February 8, 2020 - 6:00 pm
818 King St E
It’s Systematic: Struggles Against Policing in Hamilton
On Saturday February 8, we will be hosting a panel discussion bringing together voices from three recent struggles around policing in Hamilton. Our hope is to contribute to building a stronger critique of the police locally, and also to a culture of resistance that can restrain the HPS, giving us all a bit more breathing room. The speakers will be: Max Herrara, member of Socialist Fightback and an antifascist who was charged by Hamilton police for their involvement in demonstrating against Maxine Bernier this fall; Sonny Mills, queer activist and playwright who confronted the far-right at Pride and has been deeply involved in the following campaign; and Sarah Jama, founder of the Disability Justice Network of Ontario.
Following the far-right attack on Pride in 2019 and the targeting by police of those who stood up to the haters, HPS received a lot of well-deserved criticism. However, there have been a number of issues around policing in the city in recent years that haven’t always received the same attention. There is a straight line between the Hamilton Police’s defense of carding and racial profiling and the way their aggressive charging of antifascists has created a safe space in town for the racist, misogynistic far-right to thrive. The belligerence and impunity on display in their actions around Pride are routine and continue to affect people across the city, especially those marginalized by racism and poverty.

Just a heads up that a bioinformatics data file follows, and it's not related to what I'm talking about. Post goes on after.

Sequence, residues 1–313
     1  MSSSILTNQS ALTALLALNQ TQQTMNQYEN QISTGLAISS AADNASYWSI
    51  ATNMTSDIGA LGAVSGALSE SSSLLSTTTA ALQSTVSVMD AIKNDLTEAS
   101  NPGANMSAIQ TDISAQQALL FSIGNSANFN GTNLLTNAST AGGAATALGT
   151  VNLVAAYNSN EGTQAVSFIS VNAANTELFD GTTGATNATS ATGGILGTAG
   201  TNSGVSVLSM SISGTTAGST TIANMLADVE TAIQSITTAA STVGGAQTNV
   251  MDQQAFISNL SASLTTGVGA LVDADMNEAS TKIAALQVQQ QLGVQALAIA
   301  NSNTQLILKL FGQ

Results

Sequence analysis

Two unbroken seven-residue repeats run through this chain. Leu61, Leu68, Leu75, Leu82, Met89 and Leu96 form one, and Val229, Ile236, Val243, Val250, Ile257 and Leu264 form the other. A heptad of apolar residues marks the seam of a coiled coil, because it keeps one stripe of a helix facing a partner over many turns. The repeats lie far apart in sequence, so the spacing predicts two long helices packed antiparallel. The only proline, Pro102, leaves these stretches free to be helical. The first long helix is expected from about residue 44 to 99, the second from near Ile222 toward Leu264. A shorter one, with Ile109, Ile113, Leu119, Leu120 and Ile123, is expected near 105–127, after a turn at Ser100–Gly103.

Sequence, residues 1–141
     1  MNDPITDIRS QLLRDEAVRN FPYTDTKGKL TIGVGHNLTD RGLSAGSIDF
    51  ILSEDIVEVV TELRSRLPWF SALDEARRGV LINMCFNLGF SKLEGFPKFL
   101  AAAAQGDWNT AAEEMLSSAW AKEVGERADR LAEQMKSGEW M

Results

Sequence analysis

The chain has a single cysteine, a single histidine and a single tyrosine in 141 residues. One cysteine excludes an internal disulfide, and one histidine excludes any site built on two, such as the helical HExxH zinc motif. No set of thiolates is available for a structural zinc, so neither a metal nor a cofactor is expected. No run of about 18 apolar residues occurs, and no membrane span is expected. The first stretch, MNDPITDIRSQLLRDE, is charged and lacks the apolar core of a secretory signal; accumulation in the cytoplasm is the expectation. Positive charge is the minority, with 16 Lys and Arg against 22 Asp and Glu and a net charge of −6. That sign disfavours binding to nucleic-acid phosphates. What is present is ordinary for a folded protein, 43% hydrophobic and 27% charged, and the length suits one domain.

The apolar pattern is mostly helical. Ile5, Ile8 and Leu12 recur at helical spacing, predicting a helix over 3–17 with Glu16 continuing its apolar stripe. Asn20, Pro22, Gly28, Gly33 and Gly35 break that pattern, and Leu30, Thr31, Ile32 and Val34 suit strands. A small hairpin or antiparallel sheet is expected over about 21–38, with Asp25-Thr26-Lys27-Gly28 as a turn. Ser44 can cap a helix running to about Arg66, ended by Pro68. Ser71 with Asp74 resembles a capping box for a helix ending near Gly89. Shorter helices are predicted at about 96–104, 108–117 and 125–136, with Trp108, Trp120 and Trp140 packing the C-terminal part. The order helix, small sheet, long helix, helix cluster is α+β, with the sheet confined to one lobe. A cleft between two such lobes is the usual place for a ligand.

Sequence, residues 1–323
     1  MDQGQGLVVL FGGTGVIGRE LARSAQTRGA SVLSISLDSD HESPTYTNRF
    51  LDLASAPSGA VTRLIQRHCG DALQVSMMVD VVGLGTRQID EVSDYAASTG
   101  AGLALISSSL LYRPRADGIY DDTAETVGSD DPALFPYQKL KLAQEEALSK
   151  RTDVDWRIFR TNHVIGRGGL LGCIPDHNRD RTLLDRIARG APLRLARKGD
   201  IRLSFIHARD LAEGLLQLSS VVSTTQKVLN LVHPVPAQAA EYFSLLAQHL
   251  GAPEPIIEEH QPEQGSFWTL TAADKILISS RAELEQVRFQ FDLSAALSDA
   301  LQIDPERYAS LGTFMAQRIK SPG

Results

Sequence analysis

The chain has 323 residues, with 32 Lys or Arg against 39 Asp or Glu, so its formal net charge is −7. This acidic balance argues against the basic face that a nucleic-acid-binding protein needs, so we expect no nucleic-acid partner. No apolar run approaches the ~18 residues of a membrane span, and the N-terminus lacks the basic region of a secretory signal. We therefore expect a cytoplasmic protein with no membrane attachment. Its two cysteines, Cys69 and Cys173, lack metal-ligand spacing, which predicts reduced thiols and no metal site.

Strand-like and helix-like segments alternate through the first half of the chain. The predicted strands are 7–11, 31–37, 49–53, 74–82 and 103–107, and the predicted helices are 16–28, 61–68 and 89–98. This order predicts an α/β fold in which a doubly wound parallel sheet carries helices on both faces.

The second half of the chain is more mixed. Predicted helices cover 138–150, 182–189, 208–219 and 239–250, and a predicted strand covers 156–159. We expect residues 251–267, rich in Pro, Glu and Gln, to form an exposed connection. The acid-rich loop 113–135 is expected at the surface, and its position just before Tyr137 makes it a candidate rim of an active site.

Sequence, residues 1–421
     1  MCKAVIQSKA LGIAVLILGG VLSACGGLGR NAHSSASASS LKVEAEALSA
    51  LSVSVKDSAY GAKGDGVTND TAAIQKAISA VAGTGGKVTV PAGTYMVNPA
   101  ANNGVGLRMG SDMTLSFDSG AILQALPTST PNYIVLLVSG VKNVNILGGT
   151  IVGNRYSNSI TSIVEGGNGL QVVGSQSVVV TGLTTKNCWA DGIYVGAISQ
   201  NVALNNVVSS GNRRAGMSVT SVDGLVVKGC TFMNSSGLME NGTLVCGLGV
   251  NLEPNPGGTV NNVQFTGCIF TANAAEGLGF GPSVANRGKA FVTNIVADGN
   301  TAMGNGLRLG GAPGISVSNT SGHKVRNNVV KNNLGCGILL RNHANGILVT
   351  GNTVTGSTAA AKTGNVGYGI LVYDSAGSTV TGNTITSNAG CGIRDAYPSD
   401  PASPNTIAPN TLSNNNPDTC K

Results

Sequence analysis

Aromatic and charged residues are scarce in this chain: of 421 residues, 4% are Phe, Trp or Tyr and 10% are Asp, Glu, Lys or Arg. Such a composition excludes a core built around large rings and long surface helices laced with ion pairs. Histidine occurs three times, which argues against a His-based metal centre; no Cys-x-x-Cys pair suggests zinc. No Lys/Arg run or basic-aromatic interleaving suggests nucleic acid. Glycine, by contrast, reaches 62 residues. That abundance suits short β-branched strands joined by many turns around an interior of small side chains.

Its not that HPS is necessarily worse than other policing bodies — carding, siding with the far-right, and attacking their critics all stem from the nature and history of policing itself. We don’t want to make it sound as if we just want Hamilton police to be more like they are elsewhere. However, we do have a specific problem locally and pushing back is urgent. By sharing stories from different recent moments of struggle, we hope to deepen our collective understanding about the specific problem with policing in Hamilton and link it to our systemic analysis of these bodies and the role they play in society. However, it’s not enough to critique; our hope is for this sharing to also open pathways for solidarity and action, within a commitment to making each other safe rather than turn to institutions.
We call for all charges from Pride and its aftermath to be dropped, as well as the absurd charges against antifascists for their opposition to the People’s Party of Canada event at Mohawk College this past September. We continue to encourage everyone to refuse dialogue about Pride or its aftermath with the city or the police until their position on these charges has changed.
Saturday February 8, 6:00pm
CUPE Hall at 818 King St E in Hamilton